Project Description


This beautiful, semi-aquatic fish eating spider was discovered in 1956 at Redgrave and Lopham Fen near Diss on the borders of Norfolk and Suffolk at the source of the River Waveney. It lives in the margins of pools originally dug for peat and is dependent on the saw sedge found there.

Over subsequent decades survival of this species has been threatened through degradation of its wetland habitat due to water extraction and pig and poultry farm pollution. A species recovery program was initiated in 1991 by Natural England and systematic monitoring and habitat management has since been established overseen by Dr Helen Smith. More information can be obtained from its dedicated

Arts Council England awarded a grant to work alongside this conservation project. The residency is also supported by Suffolk Wildlife Trust and the BBC Wildlife Fund. Local groups and schoolchildren will engage with printmaking workshops at Redgrave and Lopham Fen and Carlton Marsh Education Centre. An exhibition of work will be mounted at each venue.

I am also working with The Natural History MuseumBuglifeThe British Arachnological Society and Little Ouse Headwaters Project.

Hairy spider: etching

This ventral view of the spider shows its complicated anatomy of joints and legs. The swollen tip of the palps indicates that this is a male and it is here that seminal fluid is stored. The tip is inserted into the female during copulation.

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Heritage: collagraph

The underlying bed of chalk at Redgrave and Lopham determines the neutral or alkali pH of the water that feeds the fen, thereby creating a particular habitat suitable for the fen raft spider. The Cretaceous period during which the chalk was deposited was long after the first creatures resembling arachnids evolved.

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Saw sedge: collagraph

At Redgrave and Lopham Fen these sedges are essential elements in the spider’s habitat providing support for nursery webs and egg sac construction. The clumps of stiff leaves provide an open and sunny structure for the spiders activities.

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The catch: tinted lino cut

After the catch has been paralysed it is infused with digestive juices that allow the spider to ingest its prey as liquid. The many hairs and comb like structures in and around its mouthparts ensure that solid particles are separated out and not ingested by the spider.

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Small wetland creatures: linocut

The fen supports a richly diverse abundance of small creatures which make up a complex food chain. A species can be predator or victim at different stages of development so that a spider will eat a tadpole but in turn be dinner for a frog.

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A spider moult is a complicated procedure with eight legs to negotiate. The spider hangs in suspension as they release themselves in a beautifully choreographed motion.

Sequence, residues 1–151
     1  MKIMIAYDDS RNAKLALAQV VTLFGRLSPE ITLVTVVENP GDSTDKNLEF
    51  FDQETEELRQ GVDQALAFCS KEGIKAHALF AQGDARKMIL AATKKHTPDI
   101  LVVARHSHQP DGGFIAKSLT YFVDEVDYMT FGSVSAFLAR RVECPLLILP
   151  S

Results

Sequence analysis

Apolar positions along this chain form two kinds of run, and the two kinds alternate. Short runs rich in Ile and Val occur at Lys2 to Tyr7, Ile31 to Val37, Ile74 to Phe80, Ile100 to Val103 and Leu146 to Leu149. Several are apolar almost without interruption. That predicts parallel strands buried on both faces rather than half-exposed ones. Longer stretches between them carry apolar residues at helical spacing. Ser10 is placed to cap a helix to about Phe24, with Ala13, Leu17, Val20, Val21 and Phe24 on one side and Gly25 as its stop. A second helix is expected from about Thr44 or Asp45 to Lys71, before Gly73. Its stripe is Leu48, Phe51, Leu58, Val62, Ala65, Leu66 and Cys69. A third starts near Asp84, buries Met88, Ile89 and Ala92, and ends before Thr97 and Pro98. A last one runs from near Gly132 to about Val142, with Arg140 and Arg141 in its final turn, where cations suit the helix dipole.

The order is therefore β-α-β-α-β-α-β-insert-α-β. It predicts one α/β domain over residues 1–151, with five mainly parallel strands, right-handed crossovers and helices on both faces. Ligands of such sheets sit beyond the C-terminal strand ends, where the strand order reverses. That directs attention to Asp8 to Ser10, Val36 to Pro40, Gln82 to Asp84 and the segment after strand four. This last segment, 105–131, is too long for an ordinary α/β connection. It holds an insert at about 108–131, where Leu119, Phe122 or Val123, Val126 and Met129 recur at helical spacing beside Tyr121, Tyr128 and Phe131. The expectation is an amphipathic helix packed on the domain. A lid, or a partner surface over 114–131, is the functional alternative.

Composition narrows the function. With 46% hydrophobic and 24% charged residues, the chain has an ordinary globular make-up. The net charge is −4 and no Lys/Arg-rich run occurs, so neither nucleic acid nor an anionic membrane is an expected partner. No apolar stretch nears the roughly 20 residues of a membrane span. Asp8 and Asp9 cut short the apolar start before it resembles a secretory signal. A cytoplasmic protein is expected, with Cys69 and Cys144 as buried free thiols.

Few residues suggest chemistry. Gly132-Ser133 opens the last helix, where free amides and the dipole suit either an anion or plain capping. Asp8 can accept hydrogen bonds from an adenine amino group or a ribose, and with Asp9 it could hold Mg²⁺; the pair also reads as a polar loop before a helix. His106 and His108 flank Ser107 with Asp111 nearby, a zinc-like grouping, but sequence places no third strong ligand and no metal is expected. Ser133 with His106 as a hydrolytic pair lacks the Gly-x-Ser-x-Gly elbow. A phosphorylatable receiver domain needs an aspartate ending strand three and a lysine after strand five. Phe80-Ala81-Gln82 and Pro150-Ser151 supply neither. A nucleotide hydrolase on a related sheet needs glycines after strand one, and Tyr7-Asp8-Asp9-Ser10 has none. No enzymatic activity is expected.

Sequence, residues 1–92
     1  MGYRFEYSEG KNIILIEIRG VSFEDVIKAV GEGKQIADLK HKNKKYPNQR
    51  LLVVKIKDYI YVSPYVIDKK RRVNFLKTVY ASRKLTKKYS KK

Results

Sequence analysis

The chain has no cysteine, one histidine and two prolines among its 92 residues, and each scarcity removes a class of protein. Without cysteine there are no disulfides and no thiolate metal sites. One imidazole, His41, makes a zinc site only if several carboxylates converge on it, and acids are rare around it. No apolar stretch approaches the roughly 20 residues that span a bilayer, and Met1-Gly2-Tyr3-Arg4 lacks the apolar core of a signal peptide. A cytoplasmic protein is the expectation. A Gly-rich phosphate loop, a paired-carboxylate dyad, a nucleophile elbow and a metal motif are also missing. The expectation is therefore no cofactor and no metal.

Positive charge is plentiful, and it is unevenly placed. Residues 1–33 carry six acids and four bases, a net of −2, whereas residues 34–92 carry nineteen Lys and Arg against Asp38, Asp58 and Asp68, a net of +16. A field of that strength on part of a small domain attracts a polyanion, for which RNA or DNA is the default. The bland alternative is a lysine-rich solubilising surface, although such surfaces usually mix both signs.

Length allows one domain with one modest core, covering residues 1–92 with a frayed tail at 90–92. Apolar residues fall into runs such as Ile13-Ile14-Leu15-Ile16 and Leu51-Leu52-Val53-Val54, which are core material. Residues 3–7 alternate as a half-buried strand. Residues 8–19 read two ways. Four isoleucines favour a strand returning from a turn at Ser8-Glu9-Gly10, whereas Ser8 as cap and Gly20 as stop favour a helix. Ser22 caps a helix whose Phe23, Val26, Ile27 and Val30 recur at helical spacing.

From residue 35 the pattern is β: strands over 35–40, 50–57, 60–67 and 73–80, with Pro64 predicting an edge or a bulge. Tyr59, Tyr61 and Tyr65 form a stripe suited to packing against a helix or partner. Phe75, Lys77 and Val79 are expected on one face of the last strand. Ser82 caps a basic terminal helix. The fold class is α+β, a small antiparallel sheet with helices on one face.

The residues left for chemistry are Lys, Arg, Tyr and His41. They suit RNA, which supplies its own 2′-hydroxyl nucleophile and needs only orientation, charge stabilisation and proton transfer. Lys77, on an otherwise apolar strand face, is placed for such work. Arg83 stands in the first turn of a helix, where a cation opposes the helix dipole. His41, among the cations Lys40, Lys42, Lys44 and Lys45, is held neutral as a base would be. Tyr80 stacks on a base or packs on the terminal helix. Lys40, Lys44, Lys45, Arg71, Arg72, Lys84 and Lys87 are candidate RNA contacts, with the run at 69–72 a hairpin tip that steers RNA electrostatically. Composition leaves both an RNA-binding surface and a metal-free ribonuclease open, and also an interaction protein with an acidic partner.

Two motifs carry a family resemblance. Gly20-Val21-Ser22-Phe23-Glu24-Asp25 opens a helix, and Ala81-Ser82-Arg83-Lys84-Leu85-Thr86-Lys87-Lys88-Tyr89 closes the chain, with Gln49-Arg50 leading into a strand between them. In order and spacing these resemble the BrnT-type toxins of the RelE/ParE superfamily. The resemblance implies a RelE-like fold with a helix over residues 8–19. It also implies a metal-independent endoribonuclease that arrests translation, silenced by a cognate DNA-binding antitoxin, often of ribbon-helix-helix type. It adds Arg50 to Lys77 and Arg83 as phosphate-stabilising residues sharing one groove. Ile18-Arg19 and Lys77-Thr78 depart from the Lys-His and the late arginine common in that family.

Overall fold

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Courtship: digital image

The spiders are ready to mate when they become adult in their third summer. Attracted by pheromones, receptivity is communicated through vibrations on the water surface. Fertilization takes place through insertion of the elaborate structures within the male palp into the female’s epigyne.

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Building the egg sac: photo

When the female is ready to lay her eggs she builds a silken cup going deep into the clumps of sedge which she uses for support. Because of this the activity is rarely seen. She seals its opening with more silk after laying the eggs inside then cuts it free it from the sedge supports.

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Female with egg sac: wood engraving

The female carries the egg sac around with her for two to three weeks, holding it against her body with her chelicera and palps. It must be kept moist so she stays near the waters edge, frequently dipping it into the pool.

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Nursery web: collagraph

Much of the life of the spider is played out on the water margins of deep pools historically dug for peat – they only climb the tall sedges to provide a nursery web for their spiderlings. From here the young spiders disperse to begin independent life

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Spiderlings: photo

When the eggs are ready to hatch the female constructs a web above the water level in the sedge. Breaking free of the sac the spiderlings cluster together within the web under the guard of their mother.

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The Bottleneck

Severe decline of a species results in a diminished gene pool that cannot recover even if numbers increase. This leaves the population vulnerable as it has less ability to adapt or have resistance to changing environmental conditions.

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Genetic Codes

The striking banding is found on 75% of this spider population with 25% remaining unbanded. It is determined by two inherited genes – one from each parent. The unbanded gene is recessive.

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A spiderling sheds its skin up to 15 times as it grows to adulthood. Each cast is a perfect ghost of the body that inhabited it.

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